John Doerr, Venture Capitalist Kleiner Perkins Caufield & Byers.
The big news in the venture capital world is that John Doerr, legendary partner at Kleiner Perkins Caufield & Byers, is moving into a new role as the firm’s first chair, where he’ll be what he describes as a “player coach” to support the firm’s next generation of leaders. Kleiner Perkins is famous for making some of the world’s best investments, including early stakes in Compaq, Genentech, Google, and Amazon. Doerr himself is famous for making clear the kinds of companies and leaders he likes to bet on and what he believes it takes to create long-lasting value in fast-moving times.
The definition of an entrepreneur, Doerr likes to say, is someone who “does more than anyone thinks possible with less than anyone thinks possible.” And successful entrepreneurial ventures, whatever their industry or discipline, share a number of important traits: an A+ founder or founding team, a commitment to technical excellence, an obsession with the customer experience, a reasonable approach to financing, a sense of urgency, and a devotion to building an authoritative, trusted brand.
But the most important trait, Doerr argues, the critical distinction that separates high-impact entrepreneurs from those who don’t make a big difference, is less about what they do and more about what they believe and how they behave. The company builders he is most eager to work with, he says, are missionaries. The others, the ones he finds less compelling, are mercenaries. There is room for both, he concedes, but the difference between mercenaries and missionaries “is all the difference in the world.”
What’s the difference between mercenaries and missionaries?
As Doerr explained to an audience at Stanford Business School, mercenaries are “opportunistic.” They’re “all about the pitch and the deal” and are eager to sprint for short-term payoffs. Missionaries, on the other hand, are “strategic.” They’re all about “the big idea” and partnerships that last, and they understand that “this business of innovation is something that takes a long time” — it’s a marathon, not a sprint. Mercenaries have “a lust for making money,” while missionaries have “a lust for making meaning.” Mercenaries obsess about the competition and fret over “financial statements,” while missionaries obsess about customers and fret over “values statements.” Mercenaries display an attitude of entitlement and revel in the “aristocracy of the founders,” while missionaries exude an attitude of contribution and welcome good ideas wherever they originate. Mercenaries strive for success; missionaries aspire to “success and significance.”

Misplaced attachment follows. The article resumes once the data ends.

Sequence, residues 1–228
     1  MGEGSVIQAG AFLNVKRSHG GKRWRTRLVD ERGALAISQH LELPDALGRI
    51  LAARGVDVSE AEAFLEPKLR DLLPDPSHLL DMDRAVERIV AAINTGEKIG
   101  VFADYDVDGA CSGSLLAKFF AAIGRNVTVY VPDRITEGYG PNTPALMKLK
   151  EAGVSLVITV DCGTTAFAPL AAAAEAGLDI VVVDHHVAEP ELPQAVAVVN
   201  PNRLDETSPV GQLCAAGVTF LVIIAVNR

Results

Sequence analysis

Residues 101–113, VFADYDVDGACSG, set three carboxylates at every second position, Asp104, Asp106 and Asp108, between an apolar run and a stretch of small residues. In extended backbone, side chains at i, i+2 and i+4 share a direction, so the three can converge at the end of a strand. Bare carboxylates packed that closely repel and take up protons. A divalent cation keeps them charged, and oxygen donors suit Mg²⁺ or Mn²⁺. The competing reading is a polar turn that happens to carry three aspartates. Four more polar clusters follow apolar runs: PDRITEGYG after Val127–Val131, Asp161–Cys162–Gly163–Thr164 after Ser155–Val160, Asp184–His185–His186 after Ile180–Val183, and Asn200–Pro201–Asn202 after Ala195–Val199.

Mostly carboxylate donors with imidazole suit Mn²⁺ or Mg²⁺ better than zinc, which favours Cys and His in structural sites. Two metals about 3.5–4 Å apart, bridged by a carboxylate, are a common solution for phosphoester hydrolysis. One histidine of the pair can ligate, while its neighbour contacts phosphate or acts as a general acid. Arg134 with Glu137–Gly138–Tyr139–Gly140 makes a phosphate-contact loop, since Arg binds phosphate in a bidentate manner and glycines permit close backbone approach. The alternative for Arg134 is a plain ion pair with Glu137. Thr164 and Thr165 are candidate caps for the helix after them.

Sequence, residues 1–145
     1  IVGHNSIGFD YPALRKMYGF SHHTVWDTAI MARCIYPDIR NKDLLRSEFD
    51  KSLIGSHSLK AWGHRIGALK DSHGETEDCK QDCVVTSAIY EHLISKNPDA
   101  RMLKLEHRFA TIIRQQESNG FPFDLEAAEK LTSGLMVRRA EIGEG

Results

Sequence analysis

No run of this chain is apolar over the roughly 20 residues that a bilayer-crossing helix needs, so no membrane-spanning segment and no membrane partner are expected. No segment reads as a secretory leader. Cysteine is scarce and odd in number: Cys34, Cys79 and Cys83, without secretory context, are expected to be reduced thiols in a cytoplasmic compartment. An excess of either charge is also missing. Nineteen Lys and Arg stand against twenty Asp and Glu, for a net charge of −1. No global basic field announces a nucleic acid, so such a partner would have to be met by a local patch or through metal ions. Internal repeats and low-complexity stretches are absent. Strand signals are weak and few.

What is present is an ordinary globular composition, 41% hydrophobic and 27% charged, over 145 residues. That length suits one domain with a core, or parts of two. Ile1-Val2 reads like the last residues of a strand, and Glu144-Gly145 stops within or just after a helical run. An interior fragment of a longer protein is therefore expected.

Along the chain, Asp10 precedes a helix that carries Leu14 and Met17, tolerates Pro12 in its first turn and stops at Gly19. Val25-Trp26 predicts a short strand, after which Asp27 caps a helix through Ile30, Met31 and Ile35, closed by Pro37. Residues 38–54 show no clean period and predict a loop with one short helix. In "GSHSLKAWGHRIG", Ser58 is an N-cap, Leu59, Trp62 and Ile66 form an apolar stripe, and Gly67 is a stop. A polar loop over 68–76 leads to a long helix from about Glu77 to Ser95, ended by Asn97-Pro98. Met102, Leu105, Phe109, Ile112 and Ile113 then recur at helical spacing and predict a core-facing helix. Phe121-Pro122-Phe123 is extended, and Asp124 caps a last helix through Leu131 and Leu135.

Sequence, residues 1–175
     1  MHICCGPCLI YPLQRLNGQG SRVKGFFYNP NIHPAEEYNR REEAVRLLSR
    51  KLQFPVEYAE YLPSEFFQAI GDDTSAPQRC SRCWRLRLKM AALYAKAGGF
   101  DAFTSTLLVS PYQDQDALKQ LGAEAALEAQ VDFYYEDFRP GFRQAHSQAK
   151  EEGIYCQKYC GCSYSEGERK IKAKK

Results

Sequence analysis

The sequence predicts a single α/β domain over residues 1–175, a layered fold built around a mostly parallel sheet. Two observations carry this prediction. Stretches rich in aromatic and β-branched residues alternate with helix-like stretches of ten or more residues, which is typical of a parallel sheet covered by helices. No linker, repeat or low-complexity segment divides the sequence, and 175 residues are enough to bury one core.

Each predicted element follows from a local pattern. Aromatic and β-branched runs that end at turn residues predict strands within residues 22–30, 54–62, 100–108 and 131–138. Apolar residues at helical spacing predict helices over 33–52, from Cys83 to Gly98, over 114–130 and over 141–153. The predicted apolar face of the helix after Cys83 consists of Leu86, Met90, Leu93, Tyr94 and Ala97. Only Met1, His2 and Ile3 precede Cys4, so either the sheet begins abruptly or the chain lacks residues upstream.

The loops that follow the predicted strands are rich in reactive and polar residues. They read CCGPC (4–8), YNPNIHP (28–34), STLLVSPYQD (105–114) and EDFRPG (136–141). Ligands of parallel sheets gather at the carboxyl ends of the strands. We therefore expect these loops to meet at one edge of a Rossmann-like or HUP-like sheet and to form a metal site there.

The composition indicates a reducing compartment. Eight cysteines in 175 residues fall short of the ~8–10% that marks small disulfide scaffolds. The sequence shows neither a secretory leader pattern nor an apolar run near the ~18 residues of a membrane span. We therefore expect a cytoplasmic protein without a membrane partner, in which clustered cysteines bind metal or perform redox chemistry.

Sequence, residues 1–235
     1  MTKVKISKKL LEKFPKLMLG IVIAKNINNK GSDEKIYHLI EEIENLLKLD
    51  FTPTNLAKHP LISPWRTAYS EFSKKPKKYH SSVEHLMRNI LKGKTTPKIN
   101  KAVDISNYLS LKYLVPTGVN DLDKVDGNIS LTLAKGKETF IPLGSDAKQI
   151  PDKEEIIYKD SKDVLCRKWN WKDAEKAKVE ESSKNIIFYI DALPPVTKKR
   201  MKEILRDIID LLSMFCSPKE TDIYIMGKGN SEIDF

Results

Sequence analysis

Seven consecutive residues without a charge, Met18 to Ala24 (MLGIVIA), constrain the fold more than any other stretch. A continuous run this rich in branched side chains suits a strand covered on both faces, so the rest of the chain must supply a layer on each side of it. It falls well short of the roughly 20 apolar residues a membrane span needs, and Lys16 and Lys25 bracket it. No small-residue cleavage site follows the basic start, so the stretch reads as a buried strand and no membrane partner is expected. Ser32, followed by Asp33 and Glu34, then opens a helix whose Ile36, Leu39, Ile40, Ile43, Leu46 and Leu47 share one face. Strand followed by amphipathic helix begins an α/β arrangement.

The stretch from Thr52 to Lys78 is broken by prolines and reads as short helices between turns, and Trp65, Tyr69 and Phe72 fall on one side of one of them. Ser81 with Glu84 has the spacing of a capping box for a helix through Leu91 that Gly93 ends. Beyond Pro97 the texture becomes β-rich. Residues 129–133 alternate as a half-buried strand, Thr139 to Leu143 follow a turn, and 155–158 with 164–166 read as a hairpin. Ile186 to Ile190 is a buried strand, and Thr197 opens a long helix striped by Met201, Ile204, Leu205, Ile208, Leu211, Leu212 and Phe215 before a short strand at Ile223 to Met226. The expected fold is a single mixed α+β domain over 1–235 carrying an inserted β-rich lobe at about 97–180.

As I think about the great companies I’ve studied over the years, organizations that are winning big in all kinds of tough, highly competitive fields, Doerr’s distinction between missionaries and mercenaries helps me understand how these companies have been able to achieve extraordinary results even if many of them operate in pretty ordinary settings. You don’t have to be in a cutting-edge business to build a company based on John Doerr’s insights.
DPR Construction, for example, is a deeply thoughtful, highly progressive force in an often troubled, slow-to-change industry. Its founders were explicit that the goal of the company is not just success but also significance. “We exist to build great things,” DPR declares in its Core Ideology. (How many companies do you know that have a core ideology?) “We must be different from and more progressive than all other construction companies; we stand for something.”
Or consider SOL Cleaning Service, one of northern Europe’s most admired entrepreneurial companies, which transformed a literally dirty business — cleaning offices, hospitals, apartment buildings, and the like — into something smart, nimble, cheerful, even danceable. Founder Liisa Joronen and her colleagues built a fast-growing organization by rethinking the very nature of work in a field that few people dream of being part of, but which, like any business, can provide all sorts of opportunities for growth, creativity, and expansion if people are given the chance. That meant distributing decision-making power from headquarters to the field, allowing local teams and offices to set their own business targets and figure out how to meet them, and even putting frontline personnel in charge of budgeting, hiring, and negotiating with clients. She rejected an “aristocracy of the founders” in favor of bottom-up ideas and contributions.
So are you a missionary or a mercenary? One way to answer that big question is to consider three smaller questions that I believe bring John Doerr’s distinction to life:
- Do you have a definition of success that allows you to stand for something special and inspires others to stand with you?
- Do you have a “values proposition” that explains what you believe in addition to a “value proposition” that defines what you sell?
- Do you and your colleagues work as distinctively as you compete, and do those behaviors create something memorable and meaningful?
- As one of the world’s most accomplished venture capitalists adopts a new role at his company, it might be time to adopt some of his insights at your company.
William C. Taylor is cofounder of Fast Company magazine. His forthcoming book is Simply Brilliant: How Great Organizations Do Ordinary Things in Extraordinary Ways. Follow him on Twitter at @williamctaylor.